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How to apply skepticism and optimism to Brandon Marshall’s arrival

NFL: Los Angeles Chargers at New York Giants Noah K. Murray-USA TODAY Sports

Brandon Marshall, he of three games played in 2018, and three years removed from productivity, is a member of the Seattle Seahawks.

There are legitimate reasons to pooh-pooh the move, to express serious skepticism it will work, or amount to a net positive for the team.

  • Maybe Marshall, 34, doesn’t recover well enough from the ankle injury he suffered last October that held him out the rest of the season.
  • Maybe he doesn’t have good enough hands to succeed in a balanced offense, where every drop is more costly than in a high-volume passing scheme. Marshall has more seasons under 60 percent catch rate than above. He drops passes. 77 of his last 161 targets have gone incomplete. You’ll tell me that’s in part because Eli Manning was throwing him footballs. Maybe.
  • Maybe he’s finished. He wouldn’t be the last wide receiver to fold his hand to Father Time, who eventually gets a straight flush to beat your full house. The game is rigged.
  • Maybe this is another of the signings that showcase how much Pete Carroll likes to add players who’ve had good games against the Seahawks but have little else to show for their recent accomplishments.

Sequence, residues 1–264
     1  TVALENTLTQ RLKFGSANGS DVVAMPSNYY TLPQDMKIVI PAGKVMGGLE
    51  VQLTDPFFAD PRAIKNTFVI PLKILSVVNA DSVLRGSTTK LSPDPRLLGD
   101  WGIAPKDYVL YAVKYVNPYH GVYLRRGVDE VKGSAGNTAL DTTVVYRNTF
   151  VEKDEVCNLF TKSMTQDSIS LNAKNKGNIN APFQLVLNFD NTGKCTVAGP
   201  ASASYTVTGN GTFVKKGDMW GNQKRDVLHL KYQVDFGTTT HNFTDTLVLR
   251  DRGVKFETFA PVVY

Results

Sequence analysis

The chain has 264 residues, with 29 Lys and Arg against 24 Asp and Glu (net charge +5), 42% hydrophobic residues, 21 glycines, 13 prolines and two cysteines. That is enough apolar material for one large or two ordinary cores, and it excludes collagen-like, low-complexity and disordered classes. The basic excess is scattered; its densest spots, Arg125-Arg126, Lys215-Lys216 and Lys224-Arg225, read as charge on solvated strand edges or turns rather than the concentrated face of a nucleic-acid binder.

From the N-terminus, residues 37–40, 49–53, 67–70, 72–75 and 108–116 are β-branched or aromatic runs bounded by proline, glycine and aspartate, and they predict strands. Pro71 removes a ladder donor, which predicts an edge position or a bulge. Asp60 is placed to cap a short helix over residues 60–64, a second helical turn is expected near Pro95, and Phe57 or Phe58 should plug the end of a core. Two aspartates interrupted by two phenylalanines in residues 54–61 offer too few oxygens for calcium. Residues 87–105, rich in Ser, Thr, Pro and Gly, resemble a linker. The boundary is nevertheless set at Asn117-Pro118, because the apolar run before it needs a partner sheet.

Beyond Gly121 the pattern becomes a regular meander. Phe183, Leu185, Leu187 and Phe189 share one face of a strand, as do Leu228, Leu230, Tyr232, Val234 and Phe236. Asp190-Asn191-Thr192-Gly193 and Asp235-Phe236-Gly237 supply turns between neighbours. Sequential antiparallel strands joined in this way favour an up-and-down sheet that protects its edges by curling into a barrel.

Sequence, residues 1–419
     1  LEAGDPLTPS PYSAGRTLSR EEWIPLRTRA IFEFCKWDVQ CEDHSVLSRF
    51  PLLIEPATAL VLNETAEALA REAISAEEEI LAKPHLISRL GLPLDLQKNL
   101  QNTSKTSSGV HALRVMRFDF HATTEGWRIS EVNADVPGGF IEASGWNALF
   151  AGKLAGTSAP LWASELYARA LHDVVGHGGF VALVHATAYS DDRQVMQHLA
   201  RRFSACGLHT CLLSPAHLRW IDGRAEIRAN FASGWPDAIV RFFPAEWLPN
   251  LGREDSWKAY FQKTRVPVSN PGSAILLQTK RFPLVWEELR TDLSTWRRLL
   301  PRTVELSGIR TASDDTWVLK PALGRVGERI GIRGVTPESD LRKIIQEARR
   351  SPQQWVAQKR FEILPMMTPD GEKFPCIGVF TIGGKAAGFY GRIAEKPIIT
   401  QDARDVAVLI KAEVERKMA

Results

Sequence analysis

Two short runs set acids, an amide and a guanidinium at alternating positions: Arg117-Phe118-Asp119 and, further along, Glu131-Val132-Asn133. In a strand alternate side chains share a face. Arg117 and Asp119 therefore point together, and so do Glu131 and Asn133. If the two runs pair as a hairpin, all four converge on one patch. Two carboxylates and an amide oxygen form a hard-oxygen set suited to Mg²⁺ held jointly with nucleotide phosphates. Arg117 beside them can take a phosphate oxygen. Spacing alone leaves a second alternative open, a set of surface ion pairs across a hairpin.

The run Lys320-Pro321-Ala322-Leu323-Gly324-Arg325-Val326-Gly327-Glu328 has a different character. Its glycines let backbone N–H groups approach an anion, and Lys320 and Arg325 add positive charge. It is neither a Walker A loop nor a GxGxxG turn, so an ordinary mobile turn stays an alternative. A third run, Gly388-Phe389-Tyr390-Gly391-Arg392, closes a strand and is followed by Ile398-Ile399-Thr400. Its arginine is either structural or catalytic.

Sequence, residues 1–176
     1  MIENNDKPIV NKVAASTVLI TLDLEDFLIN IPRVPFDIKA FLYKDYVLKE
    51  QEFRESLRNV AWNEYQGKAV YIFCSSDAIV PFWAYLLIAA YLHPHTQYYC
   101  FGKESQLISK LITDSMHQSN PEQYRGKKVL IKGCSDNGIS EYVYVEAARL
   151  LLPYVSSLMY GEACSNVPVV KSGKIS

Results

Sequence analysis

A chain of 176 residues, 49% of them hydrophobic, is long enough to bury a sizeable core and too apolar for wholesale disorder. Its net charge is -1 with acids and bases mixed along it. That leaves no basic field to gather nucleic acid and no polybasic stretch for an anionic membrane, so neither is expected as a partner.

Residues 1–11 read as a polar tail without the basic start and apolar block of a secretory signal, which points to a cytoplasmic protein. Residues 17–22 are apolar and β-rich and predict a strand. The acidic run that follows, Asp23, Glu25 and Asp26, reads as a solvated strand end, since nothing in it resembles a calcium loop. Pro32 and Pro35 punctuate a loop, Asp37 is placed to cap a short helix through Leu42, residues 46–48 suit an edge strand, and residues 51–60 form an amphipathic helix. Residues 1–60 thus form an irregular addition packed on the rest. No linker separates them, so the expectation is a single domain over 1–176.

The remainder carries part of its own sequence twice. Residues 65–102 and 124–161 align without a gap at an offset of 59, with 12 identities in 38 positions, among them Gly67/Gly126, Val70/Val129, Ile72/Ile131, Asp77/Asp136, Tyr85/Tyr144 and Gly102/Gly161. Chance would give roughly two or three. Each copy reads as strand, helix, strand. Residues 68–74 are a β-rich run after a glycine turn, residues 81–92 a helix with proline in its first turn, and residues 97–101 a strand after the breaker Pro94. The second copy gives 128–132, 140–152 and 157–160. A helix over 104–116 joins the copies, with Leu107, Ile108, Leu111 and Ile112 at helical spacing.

• Maybe he doesn’t play well with others. The Seahawks will be his sixth organization, and fourth in the last five years.

There are plenty of reasons to doubt that he will make a positive impact on the 2018 Seahawks. And yet,

Magnus is right, speed doesn’t figure to be much of Marshall’s game anymore.

Good chance it’s easy to make too much of the entire signing, either way. It’s late May, we’re 100 or more days removed in either direction from an actual Seahawks game. Could be that we’re not thinking about this day, even a little bit, come Week 1.

There’s little reason to believe Marshall will duplicate his best seasons. He isn’t suited to be WR1. Well, Seattle has Doug Baldwin, who is. Marshall might not be explosive enough to fill WR2 shoes. Well, Tyler Lockett is a deep threat. If Marshall is the possession receiver who uses his big body properly, though, then he’s a weapon. Even if you don’t fire it as often.

There are enough reasons to be skeptical. But without downside, it’s tempting to look at footage like this —

— and see Marshall as another lottery ticket that has a nonzero chance of paying off, a 6-foot-4 red zone threat who uses his veteran wiles, his length and his savvy to make a few significant plays along the way.

It’s tempting to rewind to 2015, which isn’t so long ago, and notice that Marshall led the league in touchdown catches, with 14.

Had a few really nice seasons before that, too. It’s tempting to think that a guy who posted double-digit Approximate Value six times still has something left in the tank.

If he doesn’t get cut in training camp like Terrell Owens.